A surprise decision late last week from a U.S. District Court has added more confusion to the future of the Affordable Care Act (ACA) — and the future of the U.S. health insurance system in general.
On Friday, the U.S. District Court for the Northern District of Texas ruled that the ACA is unconstitutional. At the heart of this case: the provision in the 2017 Tax Cuts and Jobs Act which reduced the penalty for non-compliance with the individual mandate — a mandate that required most individuals to get health insurance coverage or pay a penalty — to zero.
“The individual mandate was the hook that the Supreme Court had identified when it decided that the law was a constitutional exercise of Congress’ power of taxation,” explained Shawn McBurney, the Society of American Florists’ senior director of government relations. “The 20 states that brought the lawsuit argued that when the penalty was eliminated, the portion of the law that made it constitutional was eliminated and therefore the law is no longer constitutional.”
Although the Trump Administration’s Department of Justice did not join the plaintiffs’ argument that, in light of the unconstitutionality of the individual mandate, the entire law should be struck down, it did not intervene in the case to defend any part of the law. Rather, the law is being defended by a coalition of Democratic state attorneys general.
“The general expectation among experts was that Judge Reed O’Connor would find the individual mandate unconstitutional,” McBurney said. “But Judge O’Connor took things a step further, in ruling that the functional elimination of the individual mandate penalty caused the entire ACA to become unconstitutional.”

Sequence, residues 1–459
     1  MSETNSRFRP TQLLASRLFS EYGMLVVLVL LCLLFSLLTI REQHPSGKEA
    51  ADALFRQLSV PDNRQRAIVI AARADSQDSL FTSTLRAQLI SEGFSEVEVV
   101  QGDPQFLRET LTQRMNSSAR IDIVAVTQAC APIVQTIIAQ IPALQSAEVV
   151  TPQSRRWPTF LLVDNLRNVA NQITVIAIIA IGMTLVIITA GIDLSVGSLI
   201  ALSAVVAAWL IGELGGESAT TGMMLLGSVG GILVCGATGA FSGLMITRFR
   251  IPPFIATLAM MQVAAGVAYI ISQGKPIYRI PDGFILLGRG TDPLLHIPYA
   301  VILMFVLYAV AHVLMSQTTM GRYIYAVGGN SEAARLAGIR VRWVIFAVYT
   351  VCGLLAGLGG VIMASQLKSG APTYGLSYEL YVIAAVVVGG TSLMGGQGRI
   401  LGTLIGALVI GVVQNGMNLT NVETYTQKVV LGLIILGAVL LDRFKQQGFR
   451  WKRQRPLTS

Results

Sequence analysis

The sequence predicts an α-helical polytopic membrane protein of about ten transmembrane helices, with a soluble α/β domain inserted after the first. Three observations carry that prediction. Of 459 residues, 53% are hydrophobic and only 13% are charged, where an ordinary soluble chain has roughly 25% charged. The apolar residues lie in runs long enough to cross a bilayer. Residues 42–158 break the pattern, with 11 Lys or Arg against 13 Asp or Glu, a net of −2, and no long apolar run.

What does the decision mean for floral industry members, many of whom are struggling to afford health care options, particularly in a tight labor market with keen competition for good workers? For now, the future is unclear — and it rests in large part with the courts.
“The ruling did not include any type of injunction to immediately invalidate the ACA. If it did, it would have caused unprecedented chaos in the health insurance industry which represents a huge chunk of the American economy,” McBurney said. “The case will be appealed to the Fifth Circuit and, from there, is likely to end up before the Supreme Court.”
In the meantime, the ACA remains in effect. “There is no impact on current coverage, and there is no impact on 2019 coverage,” McBurney said. “The ruling had no impact on state enrollments through HealthCare.gov for coverage effective January 1, which ended December 15.”
In addition, employees with coverage in the District of Columbia or one of the 11 states that operate their own marketplaces — California, Colorado, Connecticut, Idaho, Maryland, Massachusetts, Minnesota, New York, Rhode Island, Vermont, and Washington — should determine if they still have an opportunity to enroll. Several of those states have responded to the Texas ruling by extending the December 15 deadline to December 21, and several of those states already have January deadlines for February 1 coverage.
Health care reform has long been a central issue for SAF. The association’s members have shared their stories of rising costs with lawmakers each year during SAF’s annual Congressional Action Days, including in 2017, when industry members from across segments advocated for key fixes to the ACA.
SAF will continue to monitor these developments and update members on best practices.
Drew Gruenburg is the chief operating officer of the Society of American Florists.